> [Lee Corbin wrote]
>> That's entirely true, it *may* contain such defects for the reason
>> that you give. But it is also always *possible*, I'm sure that you
>> will agree, that it contains inaccuracies, omissions, and other
>> defects that you are simply unaware of. :-)
> Well, they mean the same thing don't they? If I actually publish the paper, I
> must ensure that some people had discussed it and perhaps even peer-reviewed
> it. I would find it foolhardy to do otherwise.
They don't mean the same thing; I was referring to the inevitability
of inaccuracies, omissions, and other defects that will escape the
notice of all the people who help out. I'm glad that you believe in
trying to do your best, however, by obtaining peer-review and discussion.
> I define conflict here as:
> 1) An irreconcilable difference in thinking that remains irreconcilable for
> various reasons, including:
> a) lack of a consistent system of thinking (i.e. logic)
> b) lack of decisive knowledge (i.e. ignorance)
> c) lack of a common reference point (i.e. misunderstandings)
> I don't see conflicts as harmful or useful, because when they occur, it means
> something had gone wrong with our thought processes or knowledge.
In my opinion, this is not the customary view among experienced intellectuals
at least where I have grown up. Rather, intellectual conflict is seen
(especially by the perspicacious) as differences in values. Thomas Sowell
described this brilliantly in the book "Conflict of Visions". In it he
strives to avoid the usual (dumb) explanations that most people believe,
that their political adversaries are either evil, stupid, or ignorant.
> In the case of two opposing conflicts, it means at least one of them
> has no validity, or both [have] validity.
Not necessarily; within their own value systems, each may have
validity. Allow me to provide an example. Suppose that it is
being debated whether a number of animals should be bred and
treated rather cruelly in order to obtain information as to
the effectiveness of certain drugs. (This is not a hypothetical
example, as you probably know.) Well, some people place more
value on the suffering of animals than other people do, and
moreover, it's not black and white: there is a whole spectrum
of belief about how the miseries of animals should be weighed
against the miseries of human beings.
> This means we should rectify our thought processes and
> information storage so that we cease disagreement.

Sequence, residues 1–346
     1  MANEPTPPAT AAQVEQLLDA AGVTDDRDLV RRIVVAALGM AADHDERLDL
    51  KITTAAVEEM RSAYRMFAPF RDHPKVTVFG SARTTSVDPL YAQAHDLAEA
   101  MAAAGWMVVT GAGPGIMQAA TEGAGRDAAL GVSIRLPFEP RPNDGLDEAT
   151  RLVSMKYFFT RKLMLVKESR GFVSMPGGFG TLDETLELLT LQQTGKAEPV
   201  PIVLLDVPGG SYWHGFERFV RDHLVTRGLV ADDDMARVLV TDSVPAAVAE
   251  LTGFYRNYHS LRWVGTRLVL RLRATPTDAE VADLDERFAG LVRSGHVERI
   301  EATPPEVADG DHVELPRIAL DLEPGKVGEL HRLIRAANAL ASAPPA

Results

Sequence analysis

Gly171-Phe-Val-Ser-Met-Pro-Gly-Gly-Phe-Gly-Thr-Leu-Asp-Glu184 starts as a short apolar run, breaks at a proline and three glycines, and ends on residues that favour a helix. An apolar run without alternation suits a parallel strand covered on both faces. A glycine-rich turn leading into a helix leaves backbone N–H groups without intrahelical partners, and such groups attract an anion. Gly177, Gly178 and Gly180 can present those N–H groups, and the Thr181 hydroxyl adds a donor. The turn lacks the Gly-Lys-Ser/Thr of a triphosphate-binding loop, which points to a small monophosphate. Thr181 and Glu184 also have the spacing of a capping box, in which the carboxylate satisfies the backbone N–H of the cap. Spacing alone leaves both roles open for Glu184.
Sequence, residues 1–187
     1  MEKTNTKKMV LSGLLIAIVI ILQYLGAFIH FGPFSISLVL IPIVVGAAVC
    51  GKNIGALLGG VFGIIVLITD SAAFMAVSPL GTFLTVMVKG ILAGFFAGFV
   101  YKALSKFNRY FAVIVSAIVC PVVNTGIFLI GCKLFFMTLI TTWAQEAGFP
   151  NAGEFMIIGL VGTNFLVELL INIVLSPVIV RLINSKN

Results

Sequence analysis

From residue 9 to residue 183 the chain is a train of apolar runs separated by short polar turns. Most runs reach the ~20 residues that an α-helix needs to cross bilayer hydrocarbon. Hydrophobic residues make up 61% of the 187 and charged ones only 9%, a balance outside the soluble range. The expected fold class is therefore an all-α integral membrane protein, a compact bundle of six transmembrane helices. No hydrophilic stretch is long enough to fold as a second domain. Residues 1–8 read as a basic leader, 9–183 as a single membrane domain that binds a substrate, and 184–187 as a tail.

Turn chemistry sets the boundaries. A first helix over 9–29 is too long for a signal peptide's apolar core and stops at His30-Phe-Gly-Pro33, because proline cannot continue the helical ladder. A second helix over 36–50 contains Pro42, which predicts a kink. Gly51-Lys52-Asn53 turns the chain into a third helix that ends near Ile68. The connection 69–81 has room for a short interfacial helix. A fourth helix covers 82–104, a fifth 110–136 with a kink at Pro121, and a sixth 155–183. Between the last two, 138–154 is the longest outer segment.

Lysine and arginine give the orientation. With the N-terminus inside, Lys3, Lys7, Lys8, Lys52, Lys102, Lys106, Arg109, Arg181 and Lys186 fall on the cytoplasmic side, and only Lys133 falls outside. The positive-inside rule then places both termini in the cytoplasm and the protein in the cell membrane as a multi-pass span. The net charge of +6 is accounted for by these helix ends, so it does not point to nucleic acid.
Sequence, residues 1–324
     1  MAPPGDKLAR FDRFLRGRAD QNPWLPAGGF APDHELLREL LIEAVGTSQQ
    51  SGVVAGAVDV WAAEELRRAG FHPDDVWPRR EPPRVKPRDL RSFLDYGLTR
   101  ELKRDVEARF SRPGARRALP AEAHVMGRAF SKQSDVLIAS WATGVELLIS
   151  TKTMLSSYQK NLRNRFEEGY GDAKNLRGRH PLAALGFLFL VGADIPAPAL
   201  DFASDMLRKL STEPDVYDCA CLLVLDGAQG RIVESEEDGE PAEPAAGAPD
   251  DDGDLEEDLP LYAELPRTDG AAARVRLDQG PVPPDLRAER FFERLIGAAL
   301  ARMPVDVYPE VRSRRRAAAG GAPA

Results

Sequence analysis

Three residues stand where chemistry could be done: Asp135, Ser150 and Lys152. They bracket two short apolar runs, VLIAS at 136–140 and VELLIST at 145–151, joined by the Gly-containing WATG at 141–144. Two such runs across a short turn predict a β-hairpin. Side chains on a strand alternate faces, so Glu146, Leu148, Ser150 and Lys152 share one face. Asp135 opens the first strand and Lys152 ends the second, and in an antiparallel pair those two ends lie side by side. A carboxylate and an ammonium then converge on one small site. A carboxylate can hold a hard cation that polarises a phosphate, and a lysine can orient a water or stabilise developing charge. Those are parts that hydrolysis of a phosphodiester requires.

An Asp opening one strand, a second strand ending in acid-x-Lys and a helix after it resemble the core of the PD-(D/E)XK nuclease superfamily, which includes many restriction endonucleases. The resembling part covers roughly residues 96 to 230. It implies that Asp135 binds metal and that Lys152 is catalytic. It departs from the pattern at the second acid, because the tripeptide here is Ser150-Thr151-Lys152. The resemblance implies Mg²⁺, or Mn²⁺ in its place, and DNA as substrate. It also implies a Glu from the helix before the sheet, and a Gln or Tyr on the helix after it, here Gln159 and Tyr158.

It's possible that this would be advisable or possible in
the future, after a significant transformation (e.g., the
singularity). But I doubt that such a description or an
attempt in the language that you have used would be wise.
> I suppose what you mean by "harmful" conflicts the consequence of not ignoring,
> converting or resolving by logic the opposition. Then, we may find results
> ranging from angry sneering to atomic warfare. Unlike some people who claim
> that everyone "is right in his own way", I think that we can (objectively)
> agree on a certain set of rules and logic. If not, then discussions have no
> purpose as they can achieve nothing.
We can agree on rules of logic. We can even agree on what constitutes
evidence and what are strong and weak arguments. We perhaps cannot agree
> As for "useful" conflicts, I assume you mean the open exchange and discussions
> of ideas. Such differences I do not classify as conflicts, but as potential
I see. But is this consistent with the definition that you gave
> Whenever a potential conflict materialises into a conflict
> would rely [depend] on how people deal with it. In an
> irrational society, conflicts would arise automatically, but
> for a rational society they would remain as potential conflicts
> until the parties resolve them with new knowledge or exchange of
> information that reduces misunderstanding.
Well, we are still using the word "conflict" differently, so
I can't quite agree with that.
P.S. Let me compliment you on your superb mastery of English,
if it is not your native language.
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